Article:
As mentioned before, I’m participating in a blogging carnival in anticipation of the Blogging Archaeology panel at this year’s SAA annual meeting. My dear friend and colleague Colleen is organizing the panel and this blog carnival, partly to help slackers like me have much of their presentation prepared well ahead of time. My Week 1 response is here, and Colleen’s summary of the various replies (with links to each) is here. Here’s the Week 2 question:
In our last question, many emphasized the public access that blogging brings to archaeology, the option to “phone a friend,” as Kristin Sewell stated. Blogging gives new scholars a chance to speak out, to debunk 2012 foolishness and to give a little bit back to the public that usually signs our paychecks in one way or another. Though it is generally embraced (says she of the Berkeley bubble!), public outreach can be incredibly difficult, tricky, and prone to hidden downsides. Blogging archaeology is often fraught with tensions that are sometimes not immediately apparent. Beyond the general problems that come with performing as a public intellectual, what risks do archaeologists take when they make themselves available to the public via blogging? What (if any) are the unexpected consequences of blogging? How do you choose what to share?
In terms of things that I would define as actual “risks” that I could take while blogging, the clearest one is that I risk having the food taken out of my mouth. My blog is a personal blog, about my experiences as an archaeologist, and I hope I’ve made it clear that these are my opinions only. My experiences are under the auspices of my employer, but I do not represent them in any official capacity, nor are my blog posts intended to represent the views or opinions of my company (SWCA, if I haven’t said that before). At the same time (and one only has to look at recent events) I can say a million times that this is only my opinion, but if I piss off the wrong person, I could easily get fired. As such, I try to be vague about clients and project details. Honestly, a lot of the dead times between posts is because I don’t have anything nice to say and don’t want to possibly get in trouble. I also try not to bitch about my co-workers or superiors (which I honestly wouldn’t do 90% of the time anyway) and definitely don’t name names. I realized this was a potential issue when I started linking my blog to Facebook, where a number of co-workers were friends. I’ve since deleted almost all my co-workers for unrelated reasons, but I recognize that I can’t choose which public reads this.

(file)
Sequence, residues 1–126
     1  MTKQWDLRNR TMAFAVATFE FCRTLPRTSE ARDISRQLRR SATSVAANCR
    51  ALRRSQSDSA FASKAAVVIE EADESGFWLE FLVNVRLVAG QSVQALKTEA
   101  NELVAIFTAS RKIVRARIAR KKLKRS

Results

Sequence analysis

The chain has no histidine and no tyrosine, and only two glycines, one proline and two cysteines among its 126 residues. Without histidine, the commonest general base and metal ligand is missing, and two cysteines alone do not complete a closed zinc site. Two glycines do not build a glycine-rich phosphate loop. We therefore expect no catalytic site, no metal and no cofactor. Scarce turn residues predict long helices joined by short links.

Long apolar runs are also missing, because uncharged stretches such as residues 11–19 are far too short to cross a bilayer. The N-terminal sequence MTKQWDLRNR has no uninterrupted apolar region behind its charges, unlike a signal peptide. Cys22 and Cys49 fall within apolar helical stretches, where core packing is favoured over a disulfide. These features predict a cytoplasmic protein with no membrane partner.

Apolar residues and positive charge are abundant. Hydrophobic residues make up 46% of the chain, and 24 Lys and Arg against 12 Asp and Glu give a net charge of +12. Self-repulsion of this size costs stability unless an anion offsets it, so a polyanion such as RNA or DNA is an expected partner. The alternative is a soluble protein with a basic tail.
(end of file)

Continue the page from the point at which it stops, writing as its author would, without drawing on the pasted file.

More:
Since the 2012 foolishness was mentioned, another consequence of archaeological blogging is encountering “fringe” opinions and unethical behavior. This, by the way, is not limited to blogging, but happens regularly anytime you deal with the public in the field (or in a bar). My readership is small and limited mainly to friends, friends of friends, and a few fellow archaeologists, so fortunately I don’t encounter this much here. But a look at some of the comments on the Ceibal project blog on the New York Times webpage (click here for an example) will give a glimpse. Between the mainstream fringe garbage that litters the archaeology section of most bookstores, the dreck on the Discovery and “History” Channels, and misinformation from tour guides and museums…well, it clearly gets me agitated blogging about it. It’s hard to contour the misinformation, and the temptation to mock and scorn rather than respectfully answer the question is great. But by ignoring it (as the Times’ archaeologists have) gives it a sort of credence as well.
Something that happens more often for me, both in the field and in my use of the Internet for engaging the public, is dealing with collectors/relic hunters/looters. It’s against the law for me to disclose the location of an archaeological site in Texas, but when discussing nice sites on here and try to put as little locational information as possible. You never know when a collector/looter is reading or Googling. Likewise, I remove any sensitive geotags from Flickr. Flickr is where I have actually encountered a collector, who commented on some of my artifact photos in relation to his own collection. Of course, I could not encourage the collecting of artifacts, regardless of the legalities, but I also felt like I couldn’t just be out and out rude. Part of engaging in public archaeology is to view such things as educational opportunities, and a chance to create a steward. So in my posts, I try not to scorn those folks who come up to me and want to talk about and/or show off their collections. In fact, I try to engage those folks and landowners in general to tip me off to site locations (or tell me that sites aren’t there anymore), making my job easier!
Well, that was long…no wonder Colleen had to remind me that the presentation is only 5-10 minutes long 🙂